Address: Isabel La Católica 30, Centro Historico
Buy sweets at Dulcería de Celaya
This incredible sweet shop on Avenue 5 de Mayo is simply divine. Established in 1874, little has changed in the last 126 years and this bustling candy store continues to sell over 150 different types of sweets and desserts.
Even if you don’t come for the dulces, it’s worth stopping by to see the grand Art Nouveau decor, the wonderful tiled floor and the incredible range of goodies on display in glass units.
Address: Av. 5 de Mayo 39, Centro Historico
Take a photo at the House of Tiles
From Dulcería de Celaya, head back to Av. Francisco I. Madero and continue walking west until you’re almost at the junction with Eje Central Lázaro Cárdenas. On your right is La Casa de los Azulejos or “House of Tiles”, an 18th-century palace built by the Count del Valle de Orizaba family. It’s a very pretty building covered on three sides by blue and white tiles – it’s a good spot for a photo op!
Get a bird’s-eye-view of Mexico City
Almost opposite the House of Tiles is Torre LatinoAmericana, your best bet for seeing just how vast this capital is. Construction on the building was completed in 1956 and for the longest time it was the tallest tower in Mexico City.
It gained even more recognition when it successfully withstood first the magnitude 7.9 1957 earthquake and then the 8.1 magnitude 1985 earthquake.
Today it’s filled with offices but the 44th floor is a viewing platform and affords spectacular views over this megacity. Elevators go all the way to the top, apart from a final flight of stairs.
Address: Eje Central No.2, Centro
Admire Bellas Artes
If you still have energy then it’s definitely worth stepping inside the beautiful Palacio de Bellas Artes (Bellas Artes Palace), one of Mexico City’s most prominent arts venues. You’ll have seen the golden domed cupola from the top if you went up Torre LatinoAmericana.
After a rather tumultuous beginning, the building was finally inaugurated in 1934 and today hosts exhibitions and performances, including the twice-weekly performance by the Ballet Folklorico de Mexico.
In addition to being a beautiful building with some fantastic Art Deco architecture (look out for the stylised masks of the rain god, Tlaloc) there are a number of Diego Rivera murals. Look out for El Hombre en Control del Universo (Man in Charge of the Universe).
If you speak Spanish then it’s well worth timing your visit for the free tour of the main theatre (held daily at 1pm) to see the incredible glass curtain. Created by Tiffany in 1912, this stained-glass panel represents the landscape of the Valley of Mexico with its two volcanoes, Popocatepetl and Iztacchihuatl, and was made from a million 2cm crystals. You can only see the main theatre and its curtain on the tour of if you see a performance.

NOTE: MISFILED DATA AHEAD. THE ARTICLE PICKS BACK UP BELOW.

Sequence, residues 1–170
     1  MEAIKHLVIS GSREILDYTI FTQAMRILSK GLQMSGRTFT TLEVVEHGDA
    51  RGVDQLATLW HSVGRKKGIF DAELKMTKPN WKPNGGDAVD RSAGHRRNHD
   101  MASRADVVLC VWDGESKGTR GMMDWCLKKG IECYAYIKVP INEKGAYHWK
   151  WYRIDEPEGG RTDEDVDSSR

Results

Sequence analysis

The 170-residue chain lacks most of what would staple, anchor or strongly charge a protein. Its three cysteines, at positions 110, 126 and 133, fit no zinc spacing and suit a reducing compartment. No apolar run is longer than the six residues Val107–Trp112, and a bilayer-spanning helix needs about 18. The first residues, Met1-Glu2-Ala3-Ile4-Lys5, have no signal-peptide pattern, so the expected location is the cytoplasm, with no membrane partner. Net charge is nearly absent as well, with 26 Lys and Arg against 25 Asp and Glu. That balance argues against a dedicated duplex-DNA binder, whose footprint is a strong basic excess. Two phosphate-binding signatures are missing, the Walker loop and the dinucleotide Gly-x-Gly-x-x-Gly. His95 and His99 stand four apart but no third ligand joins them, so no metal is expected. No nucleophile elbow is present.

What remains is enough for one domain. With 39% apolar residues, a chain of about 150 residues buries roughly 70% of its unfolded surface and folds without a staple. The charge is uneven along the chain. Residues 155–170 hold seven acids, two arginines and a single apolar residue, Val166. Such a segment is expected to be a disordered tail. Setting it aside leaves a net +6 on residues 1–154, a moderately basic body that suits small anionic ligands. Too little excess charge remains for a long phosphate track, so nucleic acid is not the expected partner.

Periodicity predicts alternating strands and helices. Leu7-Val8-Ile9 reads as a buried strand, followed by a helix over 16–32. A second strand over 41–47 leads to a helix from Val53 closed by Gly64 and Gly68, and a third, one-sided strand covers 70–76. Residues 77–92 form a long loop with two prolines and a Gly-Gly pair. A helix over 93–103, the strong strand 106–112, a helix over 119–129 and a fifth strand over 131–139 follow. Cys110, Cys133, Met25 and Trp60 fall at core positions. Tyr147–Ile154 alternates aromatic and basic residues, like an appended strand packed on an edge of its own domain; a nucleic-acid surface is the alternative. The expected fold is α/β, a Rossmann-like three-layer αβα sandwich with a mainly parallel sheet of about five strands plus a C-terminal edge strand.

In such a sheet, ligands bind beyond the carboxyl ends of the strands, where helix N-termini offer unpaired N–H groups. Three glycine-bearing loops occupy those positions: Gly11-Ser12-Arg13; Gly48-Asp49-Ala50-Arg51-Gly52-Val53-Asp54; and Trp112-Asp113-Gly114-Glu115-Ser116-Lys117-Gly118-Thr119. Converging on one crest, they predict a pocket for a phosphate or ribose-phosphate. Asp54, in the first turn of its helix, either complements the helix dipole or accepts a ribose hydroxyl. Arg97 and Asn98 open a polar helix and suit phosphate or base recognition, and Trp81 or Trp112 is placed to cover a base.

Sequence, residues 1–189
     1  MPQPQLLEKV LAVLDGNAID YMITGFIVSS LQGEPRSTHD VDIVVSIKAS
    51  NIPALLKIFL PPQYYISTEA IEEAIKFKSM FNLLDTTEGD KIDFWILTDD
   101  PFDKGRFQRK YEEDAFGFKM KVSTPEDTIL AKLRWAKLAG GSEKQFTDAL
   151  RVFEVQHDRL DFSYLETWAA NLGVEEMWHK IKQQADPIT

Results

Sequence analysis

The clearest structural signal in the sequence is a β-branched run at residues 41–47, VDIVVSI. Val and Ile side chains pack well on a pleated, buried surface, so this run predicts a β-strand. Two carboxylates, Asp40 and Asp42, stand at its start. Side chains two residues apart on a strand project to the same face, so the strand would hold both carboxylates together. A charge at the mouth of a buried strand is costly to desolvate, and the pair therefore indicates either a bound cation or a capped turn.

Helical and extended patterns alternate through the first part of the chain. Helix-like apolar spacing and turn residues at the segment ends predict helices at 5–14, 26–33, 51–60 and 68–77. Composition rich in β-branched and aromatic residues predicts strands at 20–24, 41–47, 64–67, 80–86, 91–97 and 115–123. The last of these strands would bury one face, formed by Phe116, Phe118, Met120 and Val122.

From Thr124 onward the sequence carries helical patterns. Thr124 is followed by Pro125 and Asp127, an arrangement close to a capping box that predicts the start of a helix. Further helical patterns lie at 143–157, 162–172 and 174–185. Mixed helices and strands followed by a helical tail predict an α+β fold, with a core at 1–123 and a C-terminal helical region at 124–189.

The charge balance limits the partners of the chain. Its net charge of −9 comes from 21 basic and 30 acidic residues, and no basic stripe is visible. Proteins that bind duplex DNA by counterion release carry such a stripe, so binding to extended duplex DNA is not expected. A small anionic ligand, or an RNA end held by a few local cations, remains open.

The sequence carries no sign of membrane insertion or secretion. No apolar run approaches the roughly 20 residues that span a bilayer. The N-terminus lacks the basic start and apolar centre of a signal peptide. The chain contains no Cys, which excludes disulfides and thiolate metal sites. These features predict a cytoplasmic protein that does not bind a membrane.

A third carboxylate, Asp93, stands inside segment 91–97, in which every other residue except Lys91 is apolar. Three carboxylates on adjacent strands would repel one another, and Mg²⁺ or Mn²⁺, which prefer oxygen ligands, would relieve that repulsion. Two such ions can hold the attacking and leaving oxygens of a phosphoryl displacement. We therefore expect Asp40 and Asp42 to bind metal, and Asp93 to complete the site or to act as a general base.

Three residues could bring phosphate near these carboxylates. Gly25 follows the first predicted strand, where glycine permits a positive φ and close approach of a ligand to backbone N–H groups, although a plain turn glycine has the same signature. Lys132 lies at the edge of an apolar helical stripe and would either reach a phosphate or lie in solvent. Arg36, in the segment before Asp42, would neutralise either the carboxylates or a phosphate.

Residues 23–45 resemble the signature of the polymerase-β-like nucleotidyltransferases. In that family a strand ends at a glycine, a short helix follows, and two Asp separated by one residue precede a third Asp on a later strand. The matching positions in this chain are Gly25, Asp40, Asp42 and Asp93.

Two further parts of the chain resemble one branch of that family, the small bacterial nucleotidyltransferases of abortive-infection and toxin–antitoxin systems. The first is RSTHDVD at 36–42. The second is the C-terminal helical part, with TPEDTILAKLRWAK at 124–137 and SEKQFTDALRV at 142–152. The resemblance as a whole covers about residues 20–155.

The third floor houses the Museum of Architecture.
Address: Av. Juárez, Centro Histórico
Open: Monday to Saturday from 11am – 7pm, Sunday 8.30am – 7pm. From 7pm onwards it is only open for visitors who have tickets for performances.
Tickets: A visit to the foyer is free, if you wish to see the art on the second and third floors then you need to buy a ticket (cash only).
Churros y Chocolate at El Morro
This is the perfect way to end your tour of the City Centre. And, if you’ve not had churros before, then you simply have to visit El Morro. This characterful churreria is open 24-hours a day selling little more than hot chocolate and piping hot churros – Mexico’s answer to the humble doughnut (but better!).
El Moro was started in 1935 by Francisco Iriarte who arrived in Mexico from a small town in Spain and started selling churros from a cart in the Zócalo. So tasty were his churros that he soon set up shop and named it “El Moro”.
The churreria remains a family-owned business today. Today Churrería el Moro has various other outlets in swankier parts of town, but its the original cafe in the capital’s centre that we like to visit.
Address: Eje Central Lázaro Cárdenas 42
Where to stay in the Centro Histórico with Kids
Some of the most popular family hotels in or near the Centro Histórico include the following hotels:
The Gran Hotel Ciudad de Mexico in the heart of the historic centre (the hotel has an incredible terrace overlooking the Zocalo)
For more ideas on where to stay for families, have a look at these recommendations on Booking.com.